Benedict Pictet on the natural knowledge of God, innate and acquired

RWD

Puritan Board Sophomore
I was just giving a cruddy distillation of what I was taught by my UCB professor haha. If he's wrong or I am wrong in understanding the example he gave from the textbook, here is what was given to me in the textbook (I hope this isn't a distraction; thanks for the response):

Suppose that Smith and Jones have applied for a certain job. And suppose that Smith has strong evidence for the following conjunctive proposition: (d) Jones is the man who will get the job, and Jones has ten coins in his pocket. Smith's evidence for (d) might be that the president of the company assured him that Jones would in the end be selected, and that he, Smith, had counted the coins in Jones's pocket ten minutes ago. Proposition (d) entails: (e) The man who will get the job has ten coins in his pocket. Let us suppose that Smith sees the entailment from (d) to (e) and accepts (e) on the grounds of (d), for which he has strong evidence. In this case Smith is clearly justified in believing that (e) is true. But imagine, further, that unknown to Smith, he himself, not Jones, will get the job. And also, unknown to Smith, he himself has ten coins in his pocket. Proposition (e) is then true, though proposition (d), from which Smith inferred (e), is false. Gettier concludes that in this case Smith has justified true belief in (e) but doesn't know (e) to be true. It's a matter of luck that he is correct. Other terms like "accidentally correct" or "correct as a matter of sheer coincidence" apply as well. (McGrath, Epistemology: A Contemporary Introduction)
I think your synopsis represents one of Gettier’s two original(?) problems well. The red barn Gettier problem (Goldman) is a more serious consideration. Other cases are also more serious. As a common denominator, fallibility and luck are in play. But philosophers have had the good sense to eliminate arbitrariness from the evidences. For instance the lucky justification in “red barn” is based upon *strong* evidence, unlike the arbitrary and irrelevant correlation of ten coins that is linked for no apparent or obvious reason to the truly reasonable justification for thinking Jones will get the job based upon the boss’ say so. Conjunctive propositions muddy the water and miss the force of the problem in my opinion.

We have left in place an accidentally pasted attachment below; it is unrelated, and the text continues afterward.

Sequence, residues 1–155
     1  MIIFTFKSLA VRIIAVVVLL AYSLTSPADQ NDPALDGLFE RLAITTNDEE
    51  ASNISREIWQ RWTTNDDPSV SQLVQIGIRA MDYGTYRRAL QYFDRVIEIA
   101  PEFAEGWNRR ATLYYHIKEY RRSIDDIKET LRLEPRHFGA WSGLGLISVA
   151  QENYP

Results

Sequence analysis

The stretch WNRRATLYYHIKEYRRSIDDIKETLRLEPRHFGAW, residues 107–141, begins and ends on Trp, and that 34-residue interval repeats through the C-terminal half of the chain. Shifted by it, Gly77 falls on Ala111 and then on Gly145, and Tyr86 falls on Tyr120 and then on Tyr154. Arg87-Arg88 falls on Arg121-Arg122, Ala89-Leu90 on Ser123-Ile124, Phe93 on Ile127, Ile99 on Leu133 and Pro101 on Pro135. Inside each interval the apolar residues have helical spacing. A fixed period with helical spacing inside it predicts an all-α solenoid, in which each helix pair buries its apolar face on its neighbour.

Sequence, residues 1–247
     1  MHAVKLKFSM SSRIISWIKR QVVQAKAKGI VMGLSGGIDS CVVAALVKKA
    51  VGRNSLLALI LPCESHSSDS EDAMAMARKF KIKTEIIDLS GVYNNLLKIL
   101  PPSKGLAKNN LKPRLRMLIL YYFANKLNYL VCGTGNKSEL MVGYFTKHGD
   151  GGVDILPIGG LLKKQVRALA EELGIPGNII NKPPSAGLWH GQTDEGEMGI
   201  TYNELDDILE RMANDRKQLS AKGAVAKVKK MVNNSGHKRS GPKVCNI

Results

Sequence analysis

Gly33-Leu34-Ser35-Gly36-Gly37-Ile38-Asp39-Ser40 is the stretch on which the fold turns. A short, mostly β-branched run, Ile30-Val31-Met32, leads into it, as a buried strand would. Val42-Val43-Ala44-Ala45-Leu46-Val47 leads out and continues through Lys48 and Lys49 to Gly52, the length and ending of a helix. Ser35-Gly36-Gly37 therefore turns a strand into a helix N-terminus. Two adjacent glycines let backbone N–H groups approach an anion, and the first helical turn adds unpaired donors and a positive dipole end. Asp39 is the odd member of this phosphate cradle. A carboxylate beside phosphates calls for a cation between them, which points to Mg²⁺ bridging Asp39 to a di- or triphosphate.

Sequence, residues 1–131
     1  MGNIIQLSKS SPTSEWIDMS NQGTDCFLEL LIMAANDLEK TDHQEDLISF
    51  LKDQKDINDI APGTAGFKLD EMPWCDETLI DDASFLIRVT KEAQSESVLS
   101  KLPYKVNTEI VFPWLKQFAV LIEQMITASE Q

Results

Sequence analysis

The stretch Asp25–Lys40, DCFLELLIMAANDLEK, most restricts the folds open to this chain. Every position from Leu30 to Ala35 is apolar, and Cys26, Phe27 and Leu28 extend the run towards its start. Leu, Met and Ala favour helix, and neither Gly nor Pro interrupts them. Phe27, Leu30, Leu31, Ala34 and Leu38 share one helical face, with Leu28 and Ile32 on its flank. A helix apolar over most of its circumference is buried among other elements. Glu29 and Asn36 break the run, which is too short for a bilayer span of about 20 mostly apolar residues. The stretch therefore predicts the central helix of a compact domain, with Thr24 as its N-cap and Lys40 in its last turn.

jwright82

Puritan Board Graduate
“Some beliefs like my "cute couple on date" thought experiment and RWD's wonderful"Tarzan" thought experiment show situations where the necessary strict and limited definition of JTB defies intuitions and coomon sense.”

I don’t think my point with the Tarzan example contradicts JTB. Rather, it aimed to show that one can possess sufficient warrant for true beliefs without being able to express it. So, Tarzan can know a vine is in front of him without being able to express his JTB. Just like a child can know she’s in her mother’s arms without being able to express her JTB. Just like a person who doesn’t possess the Scriptures can still know God exists yet without being able to express her justification for her true belief in God.

The point was merely that this claim that you and I objected to is obviously false:

“Therefore, If they can't express it, they don't know it.”

That claim makes the common mistake of confusing (a) having justification for belief in x with (b) the ability to express justification for belief in x.
Well I still think there is good reason to doubt JTB as it relates to our most cherished beliefs. But i agree with everything you said.
 

jwright82

Puritan Board Graduate
I was just giving a cruddy distillation of what I was taught by my UCB professor haha. If he's wrong or I am wrong in understanding the example he gave from the textbook, here is what was given to me in the textbook (I hope this isn't a distraction; thanks for the response):

Suppose that Smith and Jones have applied for a certain job. And suppose that Smith has strong evidence for the following conjunctive proposition: (d) Jones is the man who will get the job, and Jones has ten coins in his pocket. Smith's evidence for (d) might be that the president of the company assured him that Jones would in the end be selected, and that he, Smith, had counted the coins in Jones's pocket ten minutes ago. Proposition (d) entails: (e) The man who will get the job has ten coins in his pocket. Let us suppose that Smith sees the entailment from (d) to (e) and accepts (e) on the grounds of (d), for which he has strong evidence. In this case Smith is clearly justified in believing that (e) is true. But imagine, further, that unknown to Smith, he himself, not Jones, will get the job. And also, unknown to Smith, he himself has ten coins in his pocket. Proposition (e) is then true, though proposition (d), from which Smith inferred (e), is false. Gettier concludes that in this case Smith has justified true belief in (e) but doesn't know (e) to be true. It's a matter of luck that he is correct. Other terms like "accidentally correct" or "correct as a matter of sheer coincidence" apply as well. (McGrath, Epistemology: A Contemporary Introduction)
Yeah I would say that's true. There's so many other examples it's not funny.
 
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